Even the richest souls can appreciate cheap vacations. In travel, smart cents spent wisely can make for a more memorable vacation than a pricey trip walled-off in a luxury resort. No matter where you go, it really is possible to live large without spending a lot—as long as you can mix one part pleasure with two parts travel savvy. Some places, though, make it easier to go big on a tight budget
. Here are five U.S. cities where you can travel for cheap.
New York City, New York
Don’t let the clichéd images of designer fashion and trendy European tourists throw you off. New York City is a very wallet-friendly destination, thanks, in part, to its large, 24-hour, public-transit network within and between all five boroughs. You can even get to Staten Island on the free ferry that departs from Battery Park and cruises by the Statue of Liberty. In summer, hop the subway to Brooklyn’s Coney Island to soak up some rays, enjoy a world-famous Nathan’s hot dog, ride the landmarked Cyclone roller coaster, and catch a Brooklyn Cyclones baseball game. (Note that Brooklyn also has a growing number of less-expensive hotels, all near subway lines.) In Manhattan, don’t miss a Central Park picnic, historic Brooklyn Bridge stroll, or free World Trade Center 9/11 Memorial visit (reserve online ahead of time). Bars all over town have extended happy hours, and you can’t go wrong with a $2 “regular slice” from an authentic New York pizzeria.
New Orleans, Louisiana
A stay in the Big Easy is like a stay with a big happy family: good times on the cheap. The French Quarter and adjacent areas such as the quaint Faubourg Marigny and the busy Central Business District are peppered with accommodations for all budgets. Riding the famous street car is like riding a piece of history; hop on for a scenic tour of St. Charles Avenue’s many mansions. Back in the Quarter, stop by the one-of-a-kind Café du Monde for beignets and café au lait, then stroll through one of America’s oldest neighborhoods to check out art galleries and antiques shops, see and hear street performers, and sip a sweet cocktail while people-watching. Thanks to filling po’boy sandwiches and large portions of filé gumbo and crawfish étouffée, you’ll eat so well (and affordably) that you’ll wish you had another stomach.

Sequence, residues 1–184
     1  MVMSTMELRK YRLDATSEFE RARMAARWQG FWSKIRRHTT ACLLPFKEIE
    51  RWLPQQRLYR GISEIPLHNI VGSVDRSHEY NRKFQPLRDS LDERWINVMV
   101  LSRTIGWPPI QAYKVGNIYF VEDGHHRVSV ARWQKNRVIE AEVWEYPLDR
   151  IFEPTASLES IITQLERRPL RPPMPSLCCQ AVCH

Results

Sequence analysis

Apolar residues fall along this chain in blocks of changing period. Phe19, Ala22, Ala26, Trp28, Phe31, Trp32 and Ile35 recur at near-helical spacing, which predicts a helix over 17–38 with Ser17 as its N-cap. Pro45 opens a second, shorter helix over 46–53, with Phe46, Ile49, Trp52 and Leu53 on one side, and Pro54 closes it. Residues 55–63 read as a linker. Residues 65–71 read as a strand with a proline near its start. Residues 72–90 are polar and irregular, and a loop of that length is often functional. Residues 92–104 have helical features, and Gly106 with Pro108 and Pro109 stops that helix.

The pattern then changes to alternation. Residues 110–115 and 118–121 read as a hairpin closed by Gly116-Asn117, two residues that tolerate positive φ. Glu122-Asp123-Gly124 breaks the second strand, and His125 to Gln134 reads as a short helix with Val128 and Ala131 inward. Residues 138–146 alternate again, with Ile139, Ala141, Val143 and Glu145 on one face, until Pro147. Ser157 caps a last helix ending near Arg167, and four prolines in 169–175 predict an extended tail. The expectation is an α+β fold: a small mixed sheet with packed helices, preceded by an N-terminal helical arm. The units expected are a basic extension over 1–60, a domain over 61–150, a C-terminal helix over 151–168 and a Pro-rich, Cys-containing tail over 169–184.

Kick back Pacific Northwest style in Oregon’s biggest city. Straddling the Willamette River, Portland is arguably one of the healthiest American cities, with bike lanes crisscrossing friendly neighborhoods, and buses and a light-rail system helping to preserve the refreshingly clean air. On weekends, you can sample local, seasonal delights in farmer’s markets. And craftspeople have been selling their handmade, affordable wares at the riverside Saturday Market (which is also open Sunday) since 1974. Grab a Willamette Week newspaper to find out where to catch fun free shows, many of them outdoors during the temperate Northwest summers. And, thanks to the city’s food trucks (also called “pods”), you can fill up on gourmet-quality fare for less than $10.
The hub of the Midwest is not only an affordable destination, but flights to its O’Hare and Midway airports are reasonable, too. Chicago is, at heart, a working-class town, where locals know how to have fun on a shoestring. It also has cheap public transit, and, since many of its trains are elevated, they allow for great and affordable neighborhood tours. Don’t miss trying the city’s famous deep-dish pizza, and remember: one slice of it is like two (or more) slices of a regular pie, saving you money, though not necessarily calories. Hot Tix sells discounted theater, comedy, and cabaret tickets, and cards such as CityPass or Go Chicago are worthwhile, flat-rate investments as they get you discounts and head-of-the-line perks at the SkyDeck in the 103-story Willis Tower, the Chicago Art Institute, and other attractions
You don’t have to be a country-music buff to enjoy kicking up your heels in jovial Music City. It’s home to several legendary recording studios and live-music venues, including the Ryman Auditorium, where the acoustics are so good, it’s served as both. The Country Music Hall of Fame is definitely worth a visit, despite an $18 admission fee, if only to see Elvis Presley’s “solid gold” Cadillac, among a million other musical artifacts. A more eclectic and affordable homage to world history awaits, however, at Centennial Park. For just $6, you can see a full-scale replica of the Greek Parthenon and the 41-foot-tall statue of the goddess that’s Athena inside. Barbecue and fried chicken top many Nashville menus, so, for less than the cost of a pair of blue-suede shoes, you can eat like a king.